An F.B.I. evidence response team collecting evidence in Washington, DC. Similar trucks showed up at UDF's offices in Texas during a raid Thursday.
Photograph by U.S. Navy — Getty Images
By Jen Wieczner
February 19, 2016

Hedge fund manager Kyle Bass received a gift this week when the Federal Bureau of Investigation stormed the offices of United Development Funding, a real estate company whose stock the investor is shorting.

Bass announced on Feb. 5 that his Dallas-based firm Hayman Capital was betting against a real estate investment trust (REIT) operated by UDF (udf), calling it a $1 billion “Ponzi-like scheme” that was “on the verge of collapse.” Shares of UDF, which had fallen 30% on Bass’s accusations, plunged another 55% on Thursday after FBI agents raided UDF’s offices in Texas, as seen in footage from a local NBC news station.

Trading in the REIT was halted after the sharp decline and has not yet resumed.

UDF disclosed in December that it was being investigated by the Securities and Exchange Commission, providing fodder for Bass’s short thesis, which Hayman Capital has detailed on a special website called UDF Exposed. But the real estate development company said that it was cooperating with the investigation, which began in April 2014, and denied Bass’s allegations, calling them “false and misleading” in a statement earlier this month. UDF did not respond to a request for comment about the FBI raid.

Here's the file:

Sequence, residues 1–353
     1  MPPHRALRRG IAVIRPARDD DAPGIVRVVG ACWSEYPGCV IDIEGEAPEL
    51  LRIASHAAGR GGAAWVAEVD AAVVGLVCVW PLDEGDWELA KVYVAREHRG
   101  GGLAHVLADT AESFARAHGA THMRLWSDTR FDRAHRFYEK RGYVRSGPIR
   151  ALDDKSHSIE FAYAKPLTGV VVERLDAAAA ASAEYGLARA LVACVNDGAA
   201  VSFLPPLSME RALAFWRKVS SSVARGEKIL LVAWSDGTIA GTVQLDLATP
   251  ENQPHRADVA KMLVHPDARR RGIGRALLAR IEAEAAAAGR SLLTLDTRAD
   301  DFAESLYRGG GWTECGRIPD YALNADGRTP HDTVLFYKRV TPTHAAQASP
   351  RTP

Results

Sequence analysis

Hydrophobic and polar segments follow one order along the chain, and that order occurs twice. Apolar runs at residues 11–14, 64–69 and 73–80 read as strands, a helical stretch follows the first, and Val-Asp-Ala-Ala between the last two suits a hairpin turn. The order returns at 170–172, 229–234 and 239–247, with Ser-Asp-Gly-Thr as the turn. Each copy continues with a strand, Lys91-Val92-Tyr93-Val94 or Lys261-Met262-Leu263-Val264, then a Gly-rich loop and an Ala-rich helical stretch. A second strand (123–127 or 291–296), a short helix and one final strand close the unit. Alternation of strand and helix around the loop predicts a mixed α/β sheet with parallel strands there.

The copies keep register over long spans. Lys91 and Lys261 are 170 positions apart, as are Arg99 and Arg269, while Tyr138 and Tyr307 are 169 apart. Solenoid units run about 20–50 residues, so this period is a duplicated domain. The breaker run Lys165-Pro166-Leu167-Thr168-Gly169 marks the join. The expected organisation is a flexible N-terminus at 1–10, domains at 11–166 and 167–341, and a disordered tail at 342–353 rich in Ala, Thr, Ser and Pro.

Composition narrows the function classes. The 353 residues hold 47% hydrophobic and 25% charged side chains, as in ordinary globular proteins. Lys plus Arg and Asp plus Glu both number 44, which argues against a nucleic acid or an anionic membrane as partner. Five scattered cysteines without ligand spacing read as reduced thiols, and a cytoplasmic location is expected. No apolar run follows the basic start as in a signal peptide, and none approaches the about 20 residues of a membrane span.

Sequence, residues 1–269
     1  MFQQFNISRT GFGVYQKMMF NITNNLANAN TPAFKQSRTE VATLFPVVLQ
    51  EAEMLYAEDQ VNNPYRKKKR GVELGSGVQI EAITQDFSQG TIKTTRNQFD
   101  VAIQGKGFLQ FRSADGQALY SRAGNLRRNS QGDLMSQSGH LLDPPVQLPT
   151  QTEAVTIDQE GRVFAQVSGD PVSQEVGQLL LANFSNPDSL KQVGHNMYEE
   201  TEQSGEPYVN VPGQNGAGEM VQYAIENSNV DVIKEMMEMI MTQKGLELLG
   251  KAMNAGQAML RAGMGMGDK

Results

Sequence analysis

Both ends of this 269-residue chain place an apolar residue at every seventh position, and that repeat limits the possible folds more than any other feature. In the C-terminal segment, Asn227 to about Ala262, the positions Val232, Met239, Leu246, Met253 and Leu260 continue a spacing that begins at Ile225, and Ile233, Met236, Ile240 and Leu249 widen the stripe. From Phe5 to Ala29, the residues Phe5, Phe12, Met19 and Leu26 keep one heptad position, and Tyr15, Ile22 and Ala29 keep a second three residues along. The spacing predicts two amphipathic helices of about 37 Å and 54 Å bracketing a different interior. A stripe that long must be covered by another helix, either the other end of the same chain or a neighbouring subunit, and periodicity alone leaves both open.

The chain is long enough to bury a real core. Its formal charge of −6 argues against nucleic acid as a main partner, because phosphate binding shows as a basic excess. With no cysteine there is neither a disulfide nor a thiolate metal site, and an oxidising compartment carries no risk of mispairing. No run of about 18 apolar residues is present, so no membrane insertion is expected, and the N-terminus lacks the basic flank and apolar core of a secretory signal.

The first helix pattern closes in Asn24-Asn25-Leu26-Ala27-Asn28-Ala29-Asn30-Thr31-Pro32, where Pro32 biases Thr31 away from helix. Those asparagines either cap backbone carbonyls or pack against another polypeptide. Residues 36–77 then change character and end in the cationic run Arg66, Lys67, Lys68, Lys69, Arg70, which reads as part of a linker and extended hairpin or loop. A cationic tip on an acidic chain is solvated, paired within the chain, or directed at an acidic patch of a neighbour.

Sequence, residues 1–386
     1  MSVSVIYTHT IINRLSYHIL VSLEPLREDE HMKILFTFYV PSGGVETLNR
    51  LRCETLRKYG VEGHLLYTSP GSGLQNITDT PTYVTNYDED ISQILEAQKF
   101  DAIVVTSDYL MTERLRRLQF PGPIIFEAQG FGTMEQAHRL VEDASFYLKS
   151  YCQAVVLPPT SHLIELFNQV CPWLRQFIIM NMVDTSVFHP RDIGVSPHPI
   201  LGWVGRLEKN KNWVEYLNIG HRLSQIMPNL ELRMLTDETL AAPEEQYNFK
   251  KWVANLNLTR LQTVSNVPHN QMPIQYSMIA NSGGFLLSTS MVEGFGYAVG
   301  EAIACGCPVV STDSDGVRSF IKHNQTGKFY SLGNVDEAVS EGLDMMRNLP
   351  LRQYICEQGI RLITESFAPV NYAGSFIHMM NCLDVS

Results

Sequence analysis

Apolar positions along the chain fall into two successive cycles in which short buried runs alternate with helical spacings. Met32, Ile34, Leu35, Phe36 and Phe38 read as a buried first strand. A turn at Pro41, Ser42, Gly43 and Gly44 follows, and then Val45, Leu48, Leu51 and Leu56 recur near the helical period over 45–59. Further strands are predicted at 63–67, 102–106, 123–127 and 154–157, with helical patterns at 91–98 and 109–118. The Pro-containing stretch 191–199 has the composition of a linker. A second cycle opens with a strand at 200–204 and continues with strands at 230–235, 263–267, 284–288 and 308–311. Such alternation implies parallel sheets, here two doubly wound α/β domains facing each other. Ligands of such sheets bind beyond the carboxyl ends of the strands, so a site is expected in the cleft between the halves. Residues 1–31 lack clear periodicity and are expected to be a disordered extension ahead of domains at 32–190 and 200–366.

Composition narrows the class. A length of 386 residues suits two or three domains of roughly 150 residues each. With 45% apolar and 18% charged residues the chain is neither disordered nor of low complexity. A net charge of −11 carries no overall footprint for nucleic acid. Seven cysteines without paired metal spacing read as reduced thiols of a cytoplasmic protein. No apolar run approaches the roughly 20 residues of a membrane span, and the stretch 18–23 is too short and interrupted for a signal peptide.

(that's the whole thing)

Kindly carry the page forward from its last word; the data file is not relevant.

The FBI did not announce charges against UDF or explain why it was searching the firm’s headquarters, but the NBC footage shows federal agents seizing boxes of material from UDF’s offices.

While UDF has attempted to discredit Bass’s accusations by pointing out that his hedge fund profits off declines in the REIT’s share price, it will have a hard time arguing that the FBI raid was motivated by similar reasons. Bass, meanwhile, has also recently profited off short bets against China and biotech.

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